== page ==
Clinical trial design is still far from perfect.
CMI highlight: What’s wrong with trial design and how can we improve it?
Marc Bonten from the University Medical Center Utrecht published a comment outlining why he considers traditional randomized controlled trials (RCT) designs as suboptimal and inefficient to answer infectious disease questions. He concludes by proposing strategies to overcome the issues. To increase generalizability he suggests embedding trials in daily care practice and to immediately enrol all eligible patients. He also stresses the importance of using fully anonymized outcome data and establishing sufficient power for pre-defined subgroup analyses. Finally Professor Bonten suggests repeating analyses throughout the study and allowing for adaptive randomization to avoid statistically significant beneficial effects being hidden in a subgroup. › Read more
And we need researchers to bother asking about why ISO quality accreditation is permitted to continue with almost no trials of its worth. We need ongoing audits of audits and analysis of EQA data to investigate whether accreditation has any value.
It needs to have value in excess of it massive cost.
If it has zero value maybe it shouldn’t be done.
26 Jun 2016 Dr Robert Morley @drbobmorley
Why would you trust an inspector more than a highly-qualified professional?
Maybe just to break the NHS. Its sustainability is being examined in parliament.
12 July 2016
On Tuesday 12 July, the newly appointed Committee on the Long-term Sustainability of the NHS hears from senior officials from the Department of Health and the Department for Communities and Local Government at its first evidence session…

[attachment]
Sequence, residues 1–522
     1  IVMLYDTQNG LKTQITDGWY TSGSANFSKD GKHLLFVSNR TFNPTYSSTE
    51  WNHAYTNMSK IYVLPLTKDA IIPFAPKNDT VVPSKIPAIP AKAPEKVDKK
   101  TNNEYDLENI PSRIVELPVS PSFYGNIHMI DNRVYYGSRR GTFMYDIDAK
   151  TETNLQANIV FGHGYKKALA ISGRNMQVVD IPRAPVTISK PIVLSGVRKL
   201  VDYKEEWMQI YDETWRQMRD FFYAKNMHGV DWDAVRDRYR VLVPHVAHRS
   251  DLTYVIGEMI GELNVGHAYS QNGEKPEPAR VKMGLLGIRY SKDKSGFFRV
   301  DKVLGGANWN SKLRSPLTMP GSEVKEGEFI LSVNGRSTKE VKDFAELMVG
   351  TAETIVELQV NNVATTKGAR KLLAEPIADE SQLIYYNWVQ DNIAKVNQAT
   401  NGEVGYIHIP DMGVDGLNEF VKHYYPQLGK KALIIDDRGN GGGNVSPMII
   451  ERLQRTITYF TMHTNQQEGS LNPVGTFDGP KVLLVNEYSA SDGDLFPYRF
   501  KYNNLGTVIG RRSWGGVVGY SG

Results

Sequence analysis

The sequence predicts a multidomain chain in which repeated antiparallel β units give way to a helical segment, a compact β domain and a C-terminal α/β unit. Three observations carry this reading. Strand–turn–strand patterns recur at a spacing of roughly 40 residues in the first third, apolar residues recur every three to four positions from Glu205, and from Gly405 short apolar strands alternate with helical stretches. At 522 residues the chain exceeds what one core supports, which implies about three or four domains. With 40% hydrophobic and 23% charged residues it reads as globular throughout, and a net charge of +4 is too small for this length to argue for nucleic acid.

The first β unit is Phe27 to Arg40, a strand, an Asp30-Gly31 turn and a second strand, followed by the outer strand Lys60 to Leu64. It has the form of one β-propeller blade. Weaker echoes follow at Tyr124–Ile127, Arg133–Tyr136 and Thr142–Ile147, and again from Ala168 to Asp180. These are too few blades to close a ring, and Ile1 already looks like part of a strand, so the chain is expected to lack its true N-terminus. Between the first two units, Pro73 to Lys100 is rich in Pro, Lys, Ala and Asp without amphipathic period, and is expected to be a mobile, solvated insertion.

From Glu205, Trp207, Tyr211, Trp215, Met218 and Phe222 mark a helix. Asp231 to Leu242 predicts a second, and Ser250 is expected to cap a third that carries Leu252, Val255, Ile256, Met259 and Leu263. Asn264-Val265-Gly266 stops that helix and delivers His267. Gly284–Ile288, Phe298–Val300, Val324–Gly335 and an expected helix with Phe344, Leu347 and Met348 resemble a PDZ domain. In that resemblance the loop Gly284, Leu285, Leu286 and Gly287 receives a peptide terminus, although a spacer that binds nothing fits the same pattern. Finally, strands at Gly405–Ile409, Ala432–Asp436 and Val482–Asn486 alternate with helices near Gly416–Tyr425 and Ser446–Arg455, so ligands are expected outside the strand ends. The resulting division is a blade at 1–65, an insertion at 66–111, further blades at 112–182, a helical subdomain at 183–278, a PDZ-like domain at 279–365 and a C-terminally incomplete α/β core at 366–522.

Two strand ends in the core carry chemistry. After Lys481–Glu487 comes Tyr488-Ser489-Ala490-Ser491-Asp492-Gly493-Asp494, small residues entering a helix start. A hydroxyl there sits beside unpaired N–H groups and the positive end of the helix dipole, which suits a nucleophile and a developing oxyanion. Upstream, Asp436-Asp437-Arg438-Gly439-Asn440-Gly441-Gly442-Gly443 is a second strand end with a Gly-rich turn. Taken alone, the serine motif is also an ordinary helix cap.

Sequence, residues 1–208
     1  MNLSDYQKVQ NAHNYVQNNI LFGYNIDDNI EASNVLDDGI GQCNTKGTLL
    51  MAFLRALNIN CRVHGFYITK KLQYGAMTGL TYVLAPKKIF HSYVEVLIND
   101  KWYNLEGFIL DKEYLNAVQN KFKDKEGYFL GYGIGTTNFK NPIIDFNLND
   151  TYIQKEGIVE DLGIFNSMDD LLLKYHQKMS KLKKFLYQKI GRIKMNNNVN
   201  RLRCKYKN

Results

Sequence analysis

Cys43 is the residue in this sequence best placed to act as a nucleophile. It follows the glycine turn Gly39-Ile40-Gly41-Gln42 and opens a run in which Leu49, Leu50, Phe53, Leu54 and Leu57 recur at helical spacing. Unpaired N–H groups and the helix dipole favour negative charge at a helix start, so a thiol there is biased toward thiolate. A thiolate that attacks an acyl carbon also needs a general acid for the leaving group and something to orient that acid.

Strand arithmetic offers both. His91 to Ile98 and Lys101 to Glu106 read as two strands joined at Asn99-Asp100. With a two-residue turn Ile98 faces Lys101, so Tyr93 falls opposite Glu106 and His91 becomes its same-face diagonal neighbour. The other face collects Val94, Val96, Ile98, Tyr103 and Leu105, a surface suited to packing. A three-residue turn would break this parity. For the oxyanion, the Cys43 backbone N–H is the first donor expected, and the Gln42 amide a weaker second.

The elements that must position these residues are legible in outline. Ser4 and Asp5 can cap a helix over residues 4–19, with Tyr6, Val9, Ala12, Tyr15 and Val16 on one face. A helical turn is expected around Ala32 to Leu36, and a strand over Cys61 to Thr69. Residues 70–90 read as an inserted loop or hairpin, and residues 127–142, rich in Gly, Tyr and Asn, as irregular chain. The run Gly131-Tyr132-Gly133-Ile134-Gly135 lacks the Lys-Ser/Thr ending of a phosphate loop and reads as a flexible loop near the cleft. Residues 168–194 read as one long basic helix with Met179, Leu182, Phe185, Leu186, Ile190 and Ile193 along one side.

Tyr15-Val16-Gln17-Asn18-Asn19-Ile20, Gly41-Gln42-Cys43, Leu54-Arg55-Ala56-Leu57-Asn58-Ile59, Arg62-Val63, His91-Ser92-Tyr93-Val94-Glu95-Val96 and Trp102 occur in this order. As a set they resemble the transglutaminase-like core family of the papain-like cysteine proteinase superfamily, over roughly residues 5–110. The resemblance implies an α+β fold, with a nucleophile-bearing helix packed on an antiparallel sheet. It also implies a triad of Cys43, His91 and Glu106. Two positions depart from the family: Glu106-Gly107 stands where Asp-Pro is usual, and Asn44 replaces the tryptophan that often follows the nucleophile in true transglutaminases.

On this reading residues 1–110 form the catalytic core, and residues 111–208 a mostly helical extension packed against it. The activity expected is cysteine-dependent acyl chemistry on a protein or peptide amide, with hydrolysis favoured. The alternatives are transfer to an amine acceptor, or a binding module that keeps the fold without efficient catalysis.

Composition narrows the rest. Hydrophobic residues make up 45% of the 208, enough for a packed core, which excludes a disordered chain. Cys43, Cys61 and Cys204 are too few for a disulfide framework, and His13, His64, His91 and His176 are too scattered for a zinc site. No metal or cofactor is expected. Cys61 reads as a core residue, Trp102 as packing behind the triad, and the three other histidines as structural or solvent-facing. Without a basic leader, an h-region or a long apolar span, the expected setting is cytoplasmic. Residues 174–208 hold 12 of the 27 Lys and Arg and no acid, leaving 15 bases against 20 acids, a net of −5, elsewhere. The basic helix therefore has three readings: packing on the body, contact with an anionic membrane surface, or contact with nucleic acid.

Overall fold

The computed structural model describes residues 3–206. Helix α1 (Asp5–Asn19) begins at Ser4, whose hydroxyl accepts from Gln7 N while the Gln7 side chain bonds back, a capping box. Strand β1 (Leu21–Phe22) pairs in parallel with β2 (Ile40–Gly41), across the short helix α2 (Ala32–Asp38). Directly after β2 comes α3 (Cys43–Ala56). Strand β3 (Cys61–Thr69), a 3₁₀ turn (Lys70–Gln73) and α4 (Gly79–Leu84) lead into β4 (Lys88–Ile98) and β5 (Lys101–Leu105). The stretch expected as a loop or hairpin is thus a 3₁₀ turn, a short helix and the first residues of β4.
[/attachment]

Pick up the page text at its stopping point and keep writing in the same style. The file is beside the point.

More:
The session covers a broad range of topics with questions including:
- what long-term thinking is taking place within Government about the sustainability of the NHS over the next 15-20 years?
- to what extent is the current healthcare funding envelope realistic?
- what analysis has the Government done on different pricing structures and financial systems to help determine where money might be best spent?
- what is the Government’s workforce planning for the next 15-20 years?
- what are the practical changes required to provide the population with an integrated National Health and Care Service?
- to what extent is digitisation of data and services happening?
- what long-term strategy do you have for public health and prevention?
Other poor decisions about reducing NHS costs have been responded to by the ACB.
NHSI has written to all Trusts outlining the financial position and highlighting three areas where action is required:
- Elimination of pay cost growth
- Back office and pathology consolidation
- Unsustainable service consolidation.
The ACB has written a response detailing that pathology is not a back office function and that consolidation does not always lead to financial savings.
See the ACB response and the NHSI letter below:
ACB response to NHSI letter July 2016
2016-06-28 Letter re 2016-17 Financial Positions to Chairs & CEOs final